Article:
Any Joe Dante movie is a lot like the now vicious, now mischievous gremlins. He adroitly makes his characters seem to aim straight for the jugular, then along the way, find something more diverting to do with all that energy. Whenever the occasion permits, Dante loves to undercut the visceral impact of the horror genre with a clip from an old movie or a spitballing, pratfalling sight gag. His loopy werewolf melodrama, The Howling (1981), and his profligately imaginative episode of last year’s Twilight Zone: The Movie are both energized by this sly schizophrenia. In Twilight Zone, the smile becomes a rictus as a child forces adults to live inside a cartoon world of jack-in-the-box monsters and junk food. In a sense, then, Gremlins is Dante’s breakthrough film. It delivers both gore and guffaws, and, more impressively, blends the two moods to create this season’s funkiest fable. Originally, Dante’s gremlins were neither intelligent nor impishly charming. “They liked to eat,” he says. “That’s all they did. They would eat people’s legs off, chew people’s fingers. They ate Billy’s dog. They killed Billy’s mom, and her head flew down the Starrs. It was kind of grim.” In its final form Gremlins is “soft” enough to have won a PG rating. Says Spielberg, who has managed to make three horror or science-fiction movies (Close Encounters of the Third Kind, Poltergeist, E. T.) in which not a single person dies: “I’m not sure if anybody really dies in this one either. I never saw the gremlins as homicidal, psychotic, maniacal killers. Perhaps they are the dark side of the founding father of creatures great and small: they’re Walt Disney’s id.”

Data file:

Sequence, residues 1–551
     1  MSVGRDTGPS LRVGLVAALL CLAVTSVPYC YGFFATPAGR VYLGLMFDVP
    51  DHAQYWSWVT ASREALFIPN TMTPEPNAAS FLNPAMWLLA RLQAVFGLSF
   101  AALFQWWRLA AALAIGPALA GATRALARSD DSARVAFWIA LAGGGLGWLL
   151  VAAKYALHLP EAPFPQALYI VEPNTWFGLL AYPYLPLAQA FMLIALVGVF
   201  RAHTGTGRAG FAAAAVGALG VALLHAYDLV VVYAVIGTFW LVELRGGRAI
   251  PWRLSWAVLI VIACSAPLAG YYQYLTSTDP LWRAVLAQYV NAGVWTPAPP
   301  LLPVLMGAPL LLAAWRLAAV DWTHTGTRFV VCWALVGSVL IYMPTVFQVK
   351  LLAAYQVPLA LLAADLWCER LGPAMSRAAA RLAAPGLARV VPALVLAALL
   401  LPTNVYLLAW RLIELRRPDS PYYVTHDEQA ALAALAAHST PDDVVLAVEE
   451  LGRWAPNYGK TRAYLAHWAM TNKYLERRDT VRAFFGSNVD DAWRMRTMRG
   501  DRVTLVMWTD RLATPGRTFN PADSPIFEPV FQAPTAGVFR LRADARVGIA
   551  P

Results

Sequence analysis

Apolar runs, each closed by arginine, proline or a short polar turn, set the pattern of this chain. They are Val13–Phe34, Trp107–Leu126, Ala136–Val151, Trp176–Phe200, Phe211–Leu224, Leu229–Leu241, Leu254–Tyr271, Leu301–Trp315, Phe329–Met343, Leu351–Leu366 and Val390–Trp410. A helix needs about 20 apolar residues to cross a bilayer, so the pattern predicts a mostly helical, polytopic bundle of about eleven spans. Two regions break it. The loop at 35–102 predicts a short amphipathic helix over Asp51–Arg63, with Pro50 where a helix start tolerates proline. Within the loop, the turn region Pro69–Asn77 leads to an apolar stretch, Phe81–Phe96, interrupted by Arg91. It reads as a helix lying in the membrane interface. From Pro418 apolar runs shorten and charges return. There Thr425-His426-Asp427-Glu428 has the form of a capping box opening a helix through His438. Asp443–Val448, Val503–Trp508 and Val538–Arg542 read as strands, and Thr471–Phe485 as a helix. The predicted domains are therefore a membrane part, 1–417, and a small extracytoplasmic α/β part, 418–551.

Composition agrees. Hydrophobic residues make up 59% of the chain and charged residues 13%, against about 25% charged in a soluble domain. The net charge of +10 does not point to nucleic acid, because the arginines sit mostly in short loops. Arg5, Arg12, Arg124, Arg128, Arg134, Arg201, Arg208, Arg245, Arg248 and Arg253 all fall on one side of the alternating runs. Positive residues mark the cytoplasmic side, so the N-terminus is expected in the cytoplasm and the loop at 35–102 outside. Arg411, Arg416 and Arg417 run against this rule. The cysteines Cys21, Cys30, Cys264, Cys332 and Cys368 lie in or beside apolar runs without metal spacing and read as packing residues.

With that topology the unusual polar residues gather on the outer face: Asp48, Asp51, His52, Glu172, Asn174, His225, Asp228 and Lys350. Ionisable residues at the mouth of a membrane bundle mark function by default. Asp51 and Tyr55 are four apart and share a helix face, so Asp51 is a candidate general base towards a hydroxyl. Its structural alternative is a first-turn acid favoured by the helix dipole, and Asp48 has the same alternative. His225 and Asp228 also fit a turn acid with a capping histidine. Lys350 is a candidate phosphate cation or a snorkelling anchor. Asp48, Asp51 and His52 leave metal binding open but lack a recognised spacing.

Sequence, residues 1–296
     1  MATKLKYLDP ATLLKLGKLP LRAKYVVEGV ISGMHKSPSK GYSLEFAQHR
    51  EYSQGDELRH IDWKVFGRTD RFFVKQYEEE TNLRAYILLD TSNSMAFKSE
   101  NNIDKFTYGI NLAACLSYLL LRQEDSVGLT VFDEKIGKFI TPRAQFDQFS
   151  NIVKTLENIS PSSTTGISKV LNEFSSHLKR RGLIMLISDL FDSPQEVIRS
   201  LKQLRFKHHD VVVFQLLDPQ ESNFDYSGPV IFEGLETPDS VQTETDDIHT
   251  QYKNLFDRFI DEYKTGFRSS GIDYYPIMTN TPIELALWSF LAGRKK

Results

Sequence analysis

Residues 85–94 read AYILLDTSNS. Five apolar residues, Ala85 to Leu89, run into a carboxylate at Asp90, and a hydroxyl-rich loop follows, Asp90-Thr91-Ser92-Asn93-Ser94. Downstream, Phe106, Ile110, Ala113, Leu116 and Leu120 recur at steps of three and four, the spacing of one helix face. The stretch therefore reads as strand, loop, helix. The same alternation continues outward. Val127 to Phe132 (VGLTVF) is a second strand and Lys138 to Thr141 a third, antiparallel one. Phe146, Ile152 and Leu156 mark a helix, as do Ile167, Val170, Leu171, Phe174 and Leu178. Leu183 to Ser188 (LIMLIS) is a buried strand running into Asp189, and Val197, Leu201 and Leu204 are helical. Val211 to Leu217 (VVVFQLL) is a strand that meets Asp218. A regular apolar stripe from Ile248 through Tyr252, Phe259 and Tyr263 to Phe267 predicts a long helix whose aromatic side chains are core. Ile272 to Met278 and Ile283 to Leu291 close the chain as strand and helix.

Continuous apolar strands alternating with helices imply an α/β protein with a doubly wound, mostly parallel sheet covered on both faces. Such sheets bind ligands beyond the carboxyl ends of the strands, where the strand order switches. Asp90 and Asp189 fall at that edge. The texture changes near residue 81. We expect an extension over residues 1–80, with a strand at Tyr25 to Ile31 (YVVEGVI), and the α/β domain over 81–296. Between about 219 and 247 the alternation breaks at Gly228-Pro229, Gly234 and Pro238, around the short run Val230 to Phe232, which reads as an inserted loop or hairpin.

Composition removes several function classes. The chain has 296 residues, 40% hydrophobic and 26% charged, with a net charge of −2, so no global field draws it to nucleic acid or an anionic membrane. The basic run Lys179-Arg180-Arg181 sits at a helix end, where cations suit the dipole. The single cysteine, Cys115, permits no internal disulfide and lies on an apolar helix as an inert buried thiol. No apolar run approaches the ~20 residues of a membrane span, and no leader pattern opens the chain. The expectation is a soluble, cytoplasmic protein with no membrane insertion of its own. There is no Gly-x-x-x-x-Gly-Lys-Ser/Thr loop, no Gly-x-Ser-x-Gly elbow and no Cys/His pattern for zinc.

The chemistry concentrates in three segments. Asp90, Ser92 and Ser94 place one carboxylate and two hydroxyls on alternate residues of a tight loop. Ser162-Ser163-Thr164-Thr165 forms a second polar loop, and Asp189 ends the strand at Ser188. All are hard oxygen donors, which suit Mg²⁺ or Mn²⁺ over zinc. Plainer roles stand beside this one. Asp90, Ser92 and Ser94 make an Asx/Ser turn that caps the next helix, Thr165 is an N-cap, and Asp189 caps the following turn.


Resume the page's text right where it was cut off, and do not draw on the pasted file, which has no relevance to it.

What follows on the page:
Well, no. The gremlins really are an army of latex-skinned puppets devised by Special Effects Maven Chris Walas (Piranha, Raiders of the Lost Ark) and assembled for a bargain-basement $1.3 million. (By contrast, Carlo Rambaldi’s E.T. creature alone cost $1.5 million.) The greenish-brown monsters, standing 23 in. tall with their 10-in. bat ears, were controlled by hands, cables, rods, radio signals and a simple but effective method that Walas describes as “throw-’em-across-the-room puppetry.” The most complicated gremlin had 60 cables operated by a dozen technicians standing 8 ft. to 10 ft. away; “super-faces” were designed for Gizmo and his gremlin archrival Stripe, with some 36 cables that controlled character movement of eyes, brow, mouth and nostrils.